The Thud experiment, or Rosenham experiment, was conducted by David Rosenham in 1973. In it, eight "pseudopatients" including Rosenham himself feigned auditory hallucinations to get themself admitted to different psychiatric hospitals. The words they claimed to hear was Empty, Hollow and Thud. All were admitted. Read more about the experiment here.
To hear voices is one of the most distinct signs of mental illness, used to diagnose psychosis or schizophrenia. For language to function as a tool for communication, we rely on a relatively stable shared physical reality, to which words can relate. We also need an apparent sender of messages, a subject with an individual voice, speaking from a specific point of view, defined by boundaries that separate it from the rest of the world.
The Thud experiment criticised the mental institutions and the psychiatric discipline, and one point it made was that to be released, the patients had to confirm their diagnose. This shows that the common perception of reality, the Symbolic order, can be understood as an authoritative ideology, which needs to be at least verbally accepted but preferably internalised, by any individual in order to enter society. In my view, the institutions didn't make any mistake by admitting the pseudopatients. It may instead show how much our society relies on a successful transference of our subconscious impulses into a subjective narrative that "makes sense". To keep The Real at bay, we need to symbolise properly it's chaotic and fluid nature into a structured and rational language.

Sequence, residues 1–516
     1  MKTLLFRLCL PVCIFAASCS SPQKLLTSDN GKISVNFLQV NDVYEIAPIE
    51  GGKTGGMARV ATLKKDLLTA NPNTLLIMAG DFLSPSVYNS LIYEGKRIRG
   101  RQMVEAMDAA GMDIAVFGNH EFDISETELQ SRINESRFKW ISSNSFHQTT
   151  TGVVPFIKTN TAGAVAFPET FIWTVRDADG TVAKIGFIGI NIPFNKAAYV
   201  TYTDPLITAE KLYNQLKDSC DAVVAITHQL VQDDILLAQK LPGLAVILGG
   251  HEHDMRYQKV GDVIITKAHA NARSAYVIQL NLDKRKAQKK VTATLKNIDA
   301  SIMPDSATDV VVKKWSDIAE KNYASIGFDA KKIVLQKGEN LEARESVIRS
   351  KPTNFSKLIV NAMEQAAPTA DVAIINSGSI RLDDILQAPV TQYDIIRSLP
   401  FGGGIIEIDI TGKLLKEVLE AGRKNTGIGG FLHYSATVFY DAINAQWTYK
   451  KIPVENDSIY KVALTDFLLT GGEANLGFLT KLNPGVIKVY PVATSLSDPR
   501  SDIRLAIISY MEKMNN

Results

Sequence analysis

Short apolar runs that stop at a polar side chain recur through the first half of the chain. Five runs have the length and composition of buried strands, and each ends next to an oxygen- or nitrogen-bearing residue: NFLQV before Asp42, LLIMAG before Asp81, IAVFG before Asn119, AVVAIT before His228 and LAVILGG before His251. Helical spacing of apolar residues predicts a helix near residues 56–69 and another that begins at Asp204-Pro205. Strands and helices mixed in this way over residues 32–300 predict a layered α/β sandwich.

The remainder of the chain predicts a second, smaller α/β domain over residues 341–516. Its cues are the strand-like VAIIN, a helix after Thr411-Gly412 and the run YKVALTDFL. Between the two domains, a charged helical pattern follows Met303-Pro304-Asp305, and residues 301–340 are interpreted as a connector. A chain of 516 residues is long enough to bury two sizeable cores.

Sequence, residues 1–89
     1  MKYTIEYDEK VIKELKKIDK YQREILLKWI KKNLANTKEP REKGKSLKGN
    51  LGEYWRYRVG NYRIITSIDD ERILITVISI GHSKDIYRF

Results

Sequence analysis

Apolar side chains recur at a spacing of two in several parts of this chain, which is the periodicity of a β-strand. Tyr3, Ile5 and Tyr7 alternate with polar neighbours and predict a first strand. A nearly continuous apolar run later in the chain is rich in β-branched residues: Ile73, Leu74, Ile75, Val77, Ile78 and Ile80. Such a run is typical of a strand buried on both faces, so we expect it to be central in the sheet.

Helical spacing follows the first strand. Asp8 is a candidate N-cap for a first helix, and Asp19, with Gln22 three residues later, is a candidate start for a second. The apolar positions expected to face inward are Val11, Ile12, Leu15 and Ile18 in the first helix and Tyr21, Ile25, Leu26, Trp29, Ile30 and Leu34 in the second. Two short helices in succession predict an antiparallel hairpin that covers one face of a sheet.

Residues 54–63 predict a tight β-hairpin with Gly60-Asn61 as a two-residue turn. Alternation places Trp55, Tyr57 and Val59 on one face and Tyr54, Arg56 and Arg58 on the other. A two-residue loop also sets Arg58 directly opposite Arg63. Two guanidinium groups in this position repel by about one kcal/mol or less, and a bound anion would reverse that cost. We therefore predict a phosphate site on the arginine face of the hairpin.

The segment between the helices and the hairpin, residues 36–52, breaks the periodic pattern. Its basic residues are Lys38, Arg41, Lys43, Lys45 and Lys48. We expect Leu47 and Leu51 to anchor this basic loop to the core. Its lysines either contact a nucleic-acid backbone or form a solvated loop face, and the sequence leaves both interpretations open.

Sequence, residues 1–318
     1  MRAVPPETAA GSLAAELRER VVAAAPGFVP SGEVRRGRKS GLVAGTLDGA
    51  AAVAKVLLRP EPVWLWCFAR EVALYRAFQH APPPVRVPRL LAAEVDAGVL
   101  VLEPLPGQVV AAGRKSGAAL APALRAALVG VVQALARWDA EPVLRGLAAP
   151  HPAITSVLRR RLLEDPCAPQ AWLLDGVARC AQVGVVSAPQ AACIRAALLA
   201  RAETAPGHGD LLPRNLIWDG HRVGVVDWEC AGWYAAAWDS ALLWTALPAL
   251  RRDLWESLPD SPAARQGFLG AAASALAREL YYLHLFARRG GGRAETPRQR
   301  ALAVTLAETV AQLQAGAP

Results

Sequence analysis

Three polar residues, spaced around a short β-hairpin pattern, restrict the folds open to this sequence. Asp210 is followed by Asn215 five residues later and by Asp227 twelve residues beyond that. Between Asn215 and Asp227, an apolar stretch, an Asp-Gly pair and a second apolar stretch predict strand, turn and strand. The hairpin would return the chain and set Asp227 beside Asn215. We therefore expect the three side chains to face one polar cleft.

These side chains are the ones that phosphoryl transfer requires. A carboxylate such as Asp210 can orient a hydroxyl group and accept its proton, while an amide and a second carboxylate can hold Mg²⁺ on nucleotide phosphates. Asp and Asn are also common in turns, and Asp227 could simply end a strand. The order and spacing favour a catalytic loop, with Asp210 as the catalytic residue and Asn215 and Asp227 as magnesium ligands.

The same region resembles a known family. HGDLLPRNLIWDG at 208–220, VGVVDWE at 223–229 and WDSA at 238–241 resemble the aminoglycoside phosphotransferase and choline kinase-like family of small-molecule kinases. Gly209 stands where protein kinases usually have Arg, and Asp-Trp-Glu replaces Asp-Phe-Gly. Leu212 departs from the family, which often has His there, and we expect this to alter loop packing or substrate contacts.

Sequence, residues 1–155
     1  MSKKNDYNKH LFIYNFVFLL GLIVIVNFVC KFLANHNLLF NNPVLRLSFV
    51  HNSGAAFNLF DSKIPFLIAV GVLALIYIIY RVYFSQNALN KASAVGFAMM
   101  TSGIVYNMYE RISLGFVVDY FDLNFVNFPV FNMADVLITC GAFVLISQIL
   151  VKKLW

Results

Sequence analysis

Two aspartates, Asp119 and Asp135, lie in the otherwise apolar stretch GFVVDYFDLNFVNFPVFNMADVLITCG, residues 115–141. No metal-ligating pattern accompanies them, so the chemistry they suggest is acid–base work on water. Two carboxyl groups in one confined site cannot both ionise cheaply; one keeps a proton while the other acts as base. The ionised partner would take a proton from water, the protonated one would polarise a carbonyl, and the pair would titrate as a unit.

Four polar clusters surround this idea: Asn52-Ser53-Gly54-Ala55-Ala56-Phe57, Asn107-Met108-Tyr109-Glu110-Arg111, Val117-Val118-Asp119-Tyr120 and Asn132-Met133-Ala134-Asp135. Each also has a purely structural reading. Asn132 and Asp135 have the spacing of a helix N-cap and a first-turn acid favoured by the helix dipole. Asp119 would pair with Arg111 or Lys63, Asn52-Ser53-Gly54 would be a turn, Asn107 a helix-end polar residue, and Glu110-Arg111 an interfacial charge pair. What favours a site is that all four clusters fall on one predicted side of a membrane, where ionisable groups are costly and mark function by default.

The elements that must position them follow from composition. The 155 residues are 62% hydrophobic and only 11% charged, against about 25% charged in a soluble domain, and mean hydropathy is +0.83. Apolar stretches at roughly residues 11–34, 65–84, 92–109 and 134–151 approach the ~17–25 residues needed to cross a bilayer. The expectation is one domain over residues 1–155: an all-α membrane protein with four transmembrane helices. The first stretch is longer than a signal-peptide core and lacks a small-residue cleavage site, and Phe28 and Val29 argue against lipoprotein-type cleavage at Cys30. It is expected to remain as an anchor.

About Tablet series
To the mind, a word is always also an image. Language connects to categories and clusters of information that projects an internal image when triggered. In that sense, understanding words function no different than normal perception. When we see, images are constructed inside the mind. We never perceive reality objectively or in itself. Perception is an interpretation and thus consist of language, in the same manner as understanding words.
However, as vision usually stems from physical reality, so does also words, written or spoken. Nothing ever communicates without being inscribed into a matter of some sort. The stuff surrounding us is also what connects us; without it, we would be completely sealed off. How, or in what way, words inserts into reality affects how we perceive them. Thus reality itself seeps into language. There exists no clear or unmediated communication. Matter adds to the message. Because which matter we choose to communicate through reflects on who we are, it can also help to reveal unconscious or hidden meanings.
The first written words were inscribed in stone or clay. One of the purposes was to save them for the future, to protect them from the volatility of time. To speak, or to write, is always to some extent, an act of power. The receiver must initially submit his or her attention to the message. No matter how insignificant, its meaning will always change the receiver forever. The receiver usually processes the reception, but he or she will never be the same as before. It is no coincident that many of the first examples of texts are curses, prayers or laws — different ways of trying to influence reality.
Filler (coarse and fine) in oak frame